Religion can be hard for small children to grasp as it involves abstract ideas. So it helps to have an activity that allows you to discuss world religions in a way that children of all faiths and none can relate to.
Start by asking pupils what problems people all over the world have. Put these words on the board and teach them in the target language. For example, the German word for "poverty" or the Welsh word for "fear". Then ask pupils how religion can help people with these problems. As before, put these words on the board and teach them in the target language. Now you may have the French word for "love" and the Spanish word for "soul". Broaden this to include languages spoken by children at home. You could have the Tamil word for "death" and the Urdu word for "war", the Finnish for "help" and the Russian for "hope".
Religious idioms in their original language also help to explore a faith. Insha'Allah, the Arabic expression meaning "if God wills it", is a good starting point for exploring the idea of God's plan. Nasheeds, traditionally unaccompanied Islamic songs, are another great resource. A YouTube video of The 99 Names of God is a rich source of ideas (bit.ly99NamesOfGod).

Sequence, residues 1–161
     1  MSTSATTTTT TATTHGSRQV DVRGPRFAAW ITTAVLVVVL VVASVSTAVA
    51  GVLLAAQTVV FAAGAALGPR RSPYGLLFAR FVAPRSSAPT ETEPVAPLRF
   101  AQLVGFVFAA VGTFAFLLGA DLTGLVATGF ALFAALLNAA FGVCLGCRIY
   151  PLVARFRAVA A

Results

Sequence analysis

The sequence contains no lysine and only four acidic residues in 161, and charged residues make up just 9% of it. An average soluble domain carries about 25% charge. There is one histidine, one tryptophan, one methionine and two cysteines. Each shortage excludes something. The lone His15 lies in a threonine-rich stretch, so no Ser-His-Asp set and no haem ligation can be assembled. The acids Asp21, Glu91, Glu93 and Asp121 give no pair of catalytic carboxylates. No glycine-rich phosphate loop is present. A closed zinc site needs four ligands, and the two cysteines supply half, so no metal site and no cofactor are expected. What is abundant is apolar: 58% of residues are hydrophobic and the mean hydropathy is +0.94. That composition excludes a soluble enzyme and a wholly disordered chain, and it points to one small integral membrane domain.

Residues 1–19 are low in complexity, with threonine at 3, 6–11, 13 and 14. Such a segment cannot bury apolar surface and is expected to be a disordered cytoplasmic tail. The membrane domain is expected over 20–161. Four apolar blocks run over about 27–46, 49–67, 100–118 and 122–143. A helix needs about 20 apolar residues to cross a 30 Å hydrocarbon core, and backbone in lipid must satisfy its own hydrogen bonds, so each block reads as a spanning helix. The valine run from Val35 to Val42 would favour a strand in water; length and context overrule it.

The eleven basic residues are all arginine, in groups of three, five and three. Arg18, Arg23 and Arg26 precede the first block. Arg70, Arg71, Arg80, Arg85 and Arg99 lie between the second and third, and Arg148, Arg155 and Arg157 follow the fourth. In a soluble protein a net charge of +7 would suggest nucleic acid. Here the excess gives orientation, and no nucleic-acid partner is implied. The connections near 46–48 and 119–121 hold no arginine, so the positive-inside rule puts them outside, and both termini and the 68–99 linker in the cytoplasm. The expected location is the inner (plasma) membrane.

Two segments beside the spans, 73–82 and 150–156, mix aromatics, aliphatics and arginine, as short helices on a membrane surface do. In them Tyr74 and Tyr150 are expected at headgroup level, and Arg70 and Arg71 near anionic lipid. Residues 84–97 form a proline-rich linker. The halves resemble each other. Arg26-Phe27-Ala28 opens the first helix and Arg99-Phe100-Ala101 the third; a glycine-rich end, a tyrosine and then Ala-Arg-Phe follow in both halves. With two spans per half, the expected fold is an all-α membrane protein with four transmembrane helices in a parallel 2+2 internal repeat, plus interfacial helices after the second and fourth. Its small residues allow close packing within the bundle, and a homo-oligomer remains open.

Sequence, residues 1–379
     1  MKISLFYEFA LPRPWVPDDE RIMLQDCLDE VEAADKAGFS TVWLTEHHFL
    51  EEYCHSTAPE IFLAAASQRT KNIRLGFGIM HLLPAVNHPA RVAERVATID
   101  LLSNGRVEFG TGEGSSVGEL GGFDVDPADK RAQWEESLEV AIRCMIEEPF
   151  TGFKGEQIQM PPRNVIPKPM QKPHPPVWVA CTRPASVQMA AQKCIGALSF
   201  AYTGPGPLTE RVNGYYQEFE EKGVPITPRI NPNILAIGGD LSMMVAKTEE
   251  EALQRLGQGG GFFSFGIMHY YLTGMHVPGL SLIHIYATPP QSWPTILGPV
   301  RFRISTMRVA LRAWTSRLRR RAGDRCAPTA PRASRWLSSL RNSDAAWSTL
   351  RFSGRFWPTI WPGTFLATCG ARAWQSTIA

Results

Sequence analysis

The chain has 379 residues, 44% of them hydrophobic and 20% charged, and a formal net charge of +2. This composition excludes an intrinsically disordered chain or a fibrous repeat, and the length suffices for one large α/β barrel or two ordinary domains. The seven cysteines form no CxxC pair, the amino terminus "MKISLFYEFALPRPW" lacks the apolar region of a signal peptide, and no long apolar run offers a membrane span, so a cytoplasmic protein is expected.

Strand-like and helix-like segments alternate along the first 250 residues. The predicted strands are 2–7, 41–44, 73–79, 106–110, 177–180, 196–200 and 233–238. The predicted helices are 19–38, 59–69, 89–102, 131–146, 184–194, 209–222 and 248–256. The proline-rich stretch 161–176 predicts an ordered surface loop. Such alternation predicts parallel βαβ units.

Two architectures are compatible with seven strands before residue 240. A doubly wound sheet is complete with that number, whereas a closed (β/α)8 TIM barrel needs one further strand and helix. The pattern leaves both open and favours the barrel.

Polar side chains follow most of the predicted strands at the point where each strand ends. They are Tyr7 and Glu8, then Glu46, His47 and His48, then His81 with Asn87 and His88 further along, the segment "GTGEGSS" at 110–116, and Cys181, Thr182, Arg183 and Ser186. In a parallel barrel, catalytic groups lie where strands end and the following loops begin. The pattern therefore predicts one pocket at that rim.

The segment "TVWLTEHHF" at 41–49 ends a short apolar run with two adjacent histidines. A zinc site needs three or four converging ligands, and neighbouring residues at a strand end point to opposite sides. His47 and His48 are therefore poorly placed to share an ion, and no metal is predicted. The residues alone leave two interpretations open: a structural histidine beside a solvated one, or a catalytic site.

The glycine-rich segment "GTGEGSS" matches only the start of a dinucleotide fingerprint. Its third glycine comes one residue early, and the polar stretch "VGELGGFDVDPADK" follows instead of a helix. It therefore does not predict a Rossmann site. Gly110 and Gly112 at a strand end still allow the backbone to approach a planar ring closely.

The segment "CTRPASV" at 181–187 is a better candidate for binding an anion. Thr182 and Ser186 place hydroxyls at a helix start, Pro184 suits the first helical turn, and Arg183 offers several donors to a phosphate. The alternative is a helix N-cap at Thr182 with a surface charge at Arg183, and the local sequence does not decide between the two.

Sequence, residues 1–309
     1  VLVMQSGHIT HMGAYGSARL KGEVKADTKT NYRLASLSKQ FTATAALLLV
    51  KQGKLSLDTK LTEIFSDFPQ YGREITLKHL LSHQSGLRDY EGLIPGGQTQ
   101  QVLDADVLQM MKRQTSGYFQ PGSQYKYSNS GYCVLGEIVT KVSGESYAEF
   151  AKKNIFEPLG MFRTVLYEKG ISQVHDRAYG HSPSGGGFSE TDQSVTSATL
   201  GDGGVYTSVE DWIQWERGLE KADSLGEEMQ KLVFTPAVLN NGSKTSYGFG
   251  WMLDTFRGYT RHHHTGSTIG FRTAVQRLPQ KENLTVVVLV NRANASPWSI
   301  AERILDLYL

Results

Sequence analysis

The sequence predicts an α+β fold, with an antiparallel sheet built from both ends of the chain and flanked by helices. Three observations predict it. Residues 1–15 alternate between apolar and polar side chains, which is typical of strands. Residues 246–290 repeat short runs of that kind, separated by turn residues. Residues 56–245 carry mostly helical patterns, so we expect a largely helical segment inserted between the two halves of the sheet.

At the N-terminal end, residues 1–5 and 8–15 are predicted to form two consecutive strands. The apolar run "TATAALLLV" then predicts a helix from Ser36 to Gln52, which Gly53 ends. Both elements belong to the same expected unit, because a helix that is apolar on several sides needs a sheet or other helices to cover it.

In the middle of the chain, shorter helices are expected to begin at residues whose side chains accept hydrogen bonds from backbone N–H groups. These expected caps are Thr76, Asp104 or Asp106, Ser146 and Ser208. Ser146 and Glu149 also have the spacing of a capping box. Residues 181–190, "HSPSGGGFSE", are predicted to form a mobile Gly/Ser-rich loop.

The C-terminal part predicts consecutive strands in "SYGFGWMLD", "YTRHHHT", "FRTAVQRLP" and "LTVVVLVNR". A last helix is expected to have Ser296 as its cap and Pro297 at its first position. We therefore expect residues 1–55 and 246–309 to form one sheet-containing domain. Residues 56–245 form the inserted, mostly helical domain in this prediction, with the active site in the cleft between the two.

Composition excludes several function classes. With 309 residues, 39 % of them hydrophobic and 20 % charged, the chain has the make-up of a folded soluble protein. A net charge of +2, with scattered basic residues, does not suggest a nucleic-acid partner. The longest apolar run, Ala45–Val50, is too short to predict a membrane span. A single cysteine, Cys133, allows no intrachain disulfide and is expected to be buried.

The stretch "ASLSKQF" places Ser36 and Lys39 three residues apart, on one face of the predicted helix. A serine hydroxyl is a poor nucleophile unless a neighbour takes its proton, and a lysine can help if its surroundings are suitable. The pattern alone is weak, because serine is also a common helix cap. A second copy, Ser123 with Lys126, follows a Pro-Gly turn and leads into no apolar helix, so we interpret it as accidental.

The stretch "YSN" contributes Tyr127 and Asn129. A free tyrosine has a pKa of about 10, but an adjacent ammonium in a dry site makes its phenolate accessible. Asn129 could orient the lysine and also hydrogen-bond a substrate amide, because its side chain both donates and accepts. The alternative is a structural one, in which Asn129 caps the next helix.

This activity prepares children for learning hymns and religious folk songs in a modern foreign language. They will now be ready for songs that contain abstract vocabulary such as "despair", "trust" and "hope".
Traditional folk songs tend to be strong and simple, such as La Guadalupana, a Mexican Catholic hymn to Our Lady of Guadalupe. Contemporary religious songs also tend to use simple words so that even young children can understand them.
A lovely example of this is Cada Dia by Jesus Adrian Romero. The song is full of accessible religious ideas: Y en medio de la tempestad nunca estoy sola (In the middle of the tempest I am not alone) and Puedo descansar - tu eres el mismo (I can rest - you are constant). Ask children to bring you the titles of religious songs that matter to them and find them on YouTube so the whole class can listen to them.
All these activities show children that although people may have very different beliefs, they share the same needs. This awareness can counteract the human tendency to dehumanise those whom we do not agree with or understand. Religion, often a cause of war and conflict, could bring us closer together. A child could understand that.
Catherine Paver has taught French in England and English in Italy and South Africa. Read more of her articles at www.catherinepaver.com
Try CatherinePaver's resource on Cada Dia, a modern Christian song in Spanish. bit.lyCadaDia
A German website helps children to find out about world faiths.
This French Catholic website is aimed at children aged 7-11.
Help pupils to understand the Islamic call to prayer with this YouTube video.